At a special joint meeting on Oct. 30, the Moab City Council and the Grand County Commission convened with members of the Arches Hotspot Region Coordinating Committee to review the committee’s project proposals to be considered for the Utah Transportation Commission’s Hotspot Funding.

Recreation Hotspot Funding is a one-time allocation authorized by a state bill passed in 2017. It was intended to be spent in areas particularly affected by tourism, and to be used on projects that meet three criteria: reduce congestion, support economic development, and increase recreation and tourism opportunities. Local officials created a focus group to develop ideas and in 2018, submitted a proposal for a parking structure in downtown Moab. Moab was awarded $10 million for the project, but as design began, mounting public opposition prompted local leaders to negotiate with the Utah Department of Transportation to scrap the parking structure and come up with a new proposal. After months of collaboration, the Arches Hotspot Region Coordinating Committee, with members from the council, the commission and a local business representative, landed on three proposals. The first step was to have the ideas approved by the council and the commission; looking ahead, the committee will have to also get a green light from UDOT and the Utah Transportation Commission.

The projects

The two elected bodies voted to approve the suite of three projects the Arches Hotspot Region Coordinating Committee honed over months of meetings, including a redesign of downtown parking, a pilot transit system, and a multi-use pathway in Spanish Valley.

The redesign of downtown parking will add between 155 and 188 new parking stalls dispersed throughout streets branching off of downtown Main Street, at a cost of between $33,000 to $38,000 per stall. The committee envisions the re-design to include landscaping and attractive amenities. Those elements may have to be paid for by local government bodies after the initial construction: UDOT has said they will allocate no more than 6% of the total project cost to aesthetic design elements.

“On this parking project, I think it’s fair to say we hit a little bit of an impasse, where the committee and the local community felt strongly regarding the aesthetics and the landscaping” while UDOT is more concerned with congestion mitigation, said Commissioner Curtis Wells, who served as chair of the Arches Hotspot Region Coordinating Committee.

Officials say they are committed to the aesthetic aspect of the project, even if it comes in a later phase.

The pilot transit system has yet to be fleshed out. The proposal is for a five-year pilot program, which will cost about $500,000 per year for operation and maintenance. UDOT will fund the first three years, if local entities will commit to funding the fourth and fifth years of operation. It is yet to be determined what routes such a system would serve and how much the service would cost users per ride, if anything. UDOT representative Monte Aldridge, who attended the meeting, noted that for a transit system to be eligible for funding from the Federal Transit Authority, it would have to serve commuters and low-income citizens. A shuttle to Arches National Park, for example, he said, would not be eligible for that funding.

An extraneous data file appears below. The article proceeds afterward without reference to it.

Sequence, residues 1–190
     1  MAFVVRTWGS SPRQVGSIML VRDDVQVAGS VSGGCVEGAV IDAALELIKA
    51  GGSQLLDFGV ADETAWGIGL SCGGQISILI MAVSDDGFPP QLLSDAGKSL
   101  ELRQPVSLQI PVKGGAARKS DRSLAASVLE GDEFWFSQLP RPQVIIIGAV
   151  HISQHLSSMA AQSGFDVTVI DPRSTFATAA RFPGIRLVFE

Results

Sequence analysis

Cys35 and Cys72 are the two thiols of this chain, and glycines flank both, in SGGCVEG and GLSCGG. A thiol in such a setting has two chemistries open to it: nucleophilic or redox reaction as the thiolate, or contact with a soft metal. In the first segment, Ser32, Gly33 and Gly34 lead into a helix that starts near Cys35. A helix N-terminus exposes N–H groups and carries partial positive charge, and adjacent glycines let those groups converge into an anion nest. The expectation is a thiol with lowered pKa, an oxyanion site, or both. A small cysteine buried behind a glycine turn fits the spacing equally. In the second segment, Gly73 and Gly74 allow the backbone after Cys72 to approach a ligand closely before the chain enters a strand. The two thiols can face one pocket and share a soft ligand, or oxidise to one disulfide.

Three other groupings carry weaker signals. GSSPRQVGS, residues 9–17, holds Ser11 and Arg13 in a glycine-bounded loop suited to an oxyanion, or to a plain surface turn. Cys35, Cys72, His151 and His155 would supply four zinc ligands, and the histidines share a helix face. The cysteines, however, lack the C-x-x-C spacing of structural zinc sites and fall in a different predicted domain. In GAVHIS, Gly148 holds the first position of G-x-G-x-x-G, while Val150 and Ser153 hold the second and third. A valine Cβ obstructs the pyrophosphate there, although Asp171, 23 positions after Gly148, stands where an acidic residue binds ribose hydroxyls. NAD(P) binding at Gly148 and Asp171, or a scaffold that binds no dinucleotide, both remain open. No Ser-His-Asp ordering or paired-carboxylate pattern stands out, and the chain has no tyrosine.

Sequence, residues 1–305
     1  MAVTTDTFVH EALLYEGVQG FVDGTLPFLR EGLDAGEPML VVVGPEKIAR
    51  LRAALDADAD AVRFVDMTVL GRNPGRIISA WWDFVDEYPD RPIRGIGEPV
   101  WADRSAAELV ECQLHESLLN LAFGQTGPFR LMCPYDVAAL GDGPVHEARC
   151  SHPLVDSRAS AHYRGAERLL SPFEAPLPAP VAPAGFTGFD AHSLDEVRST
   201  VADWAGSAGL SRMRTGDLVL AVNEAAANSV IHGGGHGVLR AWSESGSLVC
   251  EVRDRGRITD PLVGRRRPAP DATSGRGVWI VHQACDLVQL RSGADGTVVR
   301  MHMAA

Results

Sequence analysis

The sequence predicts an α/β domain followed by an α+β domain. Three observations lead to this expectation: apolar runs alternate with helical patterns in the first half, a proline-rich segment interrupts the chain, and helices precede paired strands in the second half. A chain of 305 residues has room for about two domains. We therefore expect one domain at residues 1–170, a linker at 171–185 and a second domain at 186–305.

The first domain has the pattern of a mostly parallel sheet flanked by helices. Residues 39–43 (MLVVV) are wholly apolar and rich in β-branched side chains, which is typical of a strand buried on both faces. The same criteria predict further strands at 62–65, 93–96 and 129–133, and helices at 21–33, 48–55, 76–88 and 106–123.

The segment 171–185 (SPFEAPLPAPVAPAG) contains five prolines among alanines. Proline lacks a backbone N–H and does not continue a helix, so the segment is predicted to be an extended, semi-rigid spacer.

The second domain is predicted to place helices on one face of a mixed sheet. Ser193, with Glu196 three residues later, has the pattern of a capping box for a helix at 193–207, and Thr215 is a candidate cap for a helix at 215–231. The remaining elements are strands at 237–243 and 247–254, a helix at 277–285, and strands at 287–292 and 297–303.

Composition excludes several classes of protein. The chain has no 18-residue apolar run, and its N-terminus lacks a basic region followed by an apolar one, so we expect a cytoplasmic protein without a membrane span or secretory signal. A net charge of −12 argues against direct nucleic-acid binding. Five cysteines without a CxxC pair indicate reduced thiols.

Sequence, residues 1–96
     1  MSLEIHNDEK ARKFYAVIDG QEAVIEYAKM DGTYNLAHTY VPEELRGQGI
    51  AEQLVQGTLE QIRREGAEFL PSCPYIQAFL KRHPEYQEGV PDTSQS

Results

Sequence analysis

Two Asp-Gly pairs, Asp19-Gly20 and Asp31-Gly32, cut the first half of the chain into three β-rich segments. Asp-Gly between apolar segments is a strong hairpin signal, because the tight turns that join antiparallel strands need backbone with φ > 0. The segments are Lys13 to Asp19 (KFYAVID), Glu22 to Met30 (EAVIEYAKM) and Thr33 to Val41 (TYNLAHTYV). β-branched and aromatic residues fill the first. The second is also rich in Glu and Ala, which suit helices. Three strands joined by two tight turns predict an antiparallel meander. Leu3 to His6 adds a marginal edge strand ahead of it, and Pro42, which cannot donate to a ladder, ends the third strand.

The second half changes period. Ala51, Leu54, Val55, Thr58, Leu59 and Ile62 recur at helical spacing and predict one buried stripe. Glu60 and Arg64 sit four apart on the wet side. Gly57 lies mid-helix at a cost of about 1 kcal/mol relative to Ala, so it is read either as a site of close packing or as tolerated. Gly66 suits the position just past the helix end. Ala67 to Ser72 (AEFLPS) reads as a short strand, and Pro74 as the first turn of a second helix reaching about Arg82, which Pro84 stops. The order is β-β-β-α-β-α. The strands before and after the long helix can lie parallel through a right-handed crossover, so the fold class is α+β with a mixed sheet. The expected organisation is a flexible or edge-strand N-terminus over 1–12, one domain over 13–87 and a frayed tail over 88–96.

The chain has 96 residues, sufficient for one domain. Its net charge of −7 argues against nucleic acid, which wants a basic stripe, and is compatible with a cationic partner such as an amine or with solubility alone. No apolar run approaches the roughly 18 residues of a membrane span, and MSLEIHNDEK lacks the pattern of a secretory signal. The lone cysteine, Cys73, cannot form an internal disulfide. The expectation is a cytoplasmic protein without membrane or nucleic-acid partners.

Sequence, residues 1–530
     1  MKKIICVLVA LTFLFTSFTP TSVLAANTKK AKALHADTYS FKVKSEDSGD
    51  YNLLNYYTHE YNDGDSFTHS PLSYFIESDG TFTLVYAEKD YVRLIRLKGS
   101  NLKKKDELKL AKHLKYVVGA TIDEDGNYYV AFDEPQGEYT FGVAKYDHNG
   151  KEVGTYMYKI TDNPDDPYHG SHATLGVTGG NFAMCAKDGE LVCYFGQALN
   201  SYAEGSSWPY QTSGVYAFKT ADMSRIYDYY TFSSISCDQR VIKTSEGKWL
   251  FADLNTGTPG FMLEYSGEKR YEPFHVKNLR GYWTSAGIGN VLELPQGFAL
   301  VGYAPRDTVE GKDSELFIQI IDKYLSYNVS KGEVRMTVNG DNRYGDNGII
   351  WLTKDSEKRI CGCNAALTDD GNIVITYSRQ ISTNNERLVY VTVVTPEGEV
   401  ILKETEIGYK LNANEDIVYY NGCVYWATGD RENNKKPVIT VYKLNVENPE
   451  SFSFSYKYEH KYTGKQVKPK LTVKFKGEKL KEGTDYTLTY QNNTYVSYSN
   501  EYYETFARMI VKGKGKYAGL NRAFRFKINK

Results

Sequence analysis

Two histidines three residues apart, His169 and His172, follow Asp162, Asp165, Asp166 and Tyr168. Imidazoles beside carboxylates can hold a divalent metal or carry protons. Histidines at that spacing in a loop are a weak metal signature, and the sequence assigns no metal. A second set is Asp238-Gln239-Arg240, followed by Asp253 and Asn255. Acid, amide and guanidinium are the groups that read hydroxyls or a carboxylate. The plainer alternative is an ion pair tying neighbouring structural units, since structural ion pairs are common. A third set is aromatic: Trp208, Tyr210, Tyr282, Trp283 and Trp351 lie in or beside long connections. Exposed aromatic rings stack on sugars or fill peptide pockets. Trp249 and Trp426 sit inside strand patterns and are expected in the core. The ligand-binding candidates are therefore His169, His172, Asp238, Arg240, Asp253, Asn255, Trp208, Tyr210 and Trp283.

City Councilmember Tawny Knuteson-Boyd expressed discomfort with approving something so vague.

“I’d like to have a little more clarity than just ‘get it to us fast,’” she said.

Assistant City Manager Carly Castle assured her that the proposal would be further refined.

“It’s not completely cooked right now, but the intent would be for it to be turn-key ready by the end of this process,” Castle said.

The multi-use pathway in Spanish Valley would create a paved path for walkers and bikers from Mill Creek Drive at the north end to the boundary between Grand and San Juan counties at the south end, with the possibility of extending further south in the future.

The committee solicited public input throughout the planning process, hosting both an online and an in-person public workshop and offering two surveys soliciting feedback on the proposed projects. Information on the committee’s activities and the results of the surveys can be found at, under the “Hotspot Committee” tab.

Both the commission and the council voted to approve the package as presented. The Moab City Council voted 4-1 in favor, with councilmember Knuteson-Boyd in opposition; the commission voted 5-0 in favor, with councilmembers Rory Paxman and Greg Halliday absent from the meeting.

Commission Chair Mary McGann read aloud a letter of gratitude to UDOT, thanking the agency for considering the Arches area for Hotspot funding and for supporting infrastructure projects that benefit Moab and Grand County residents.

“The Recreational Hotspot Program has provided a unique platform for our residents and businesses to contribute invaluable input and creative thought toward transportation issues and ideas in the Moab area,” the letter reads in part, describing the package as “a unique combination of basic, essential, and direct solutions; as well as innovative, forward-thinking concepts that have the potential for growth and evolution over time.”

City and county officials approve proposed projects

“A unique combination of basic, essential and direct solutions.”

– letter from Mary McGann, Emily Niehaus and Curtis Wells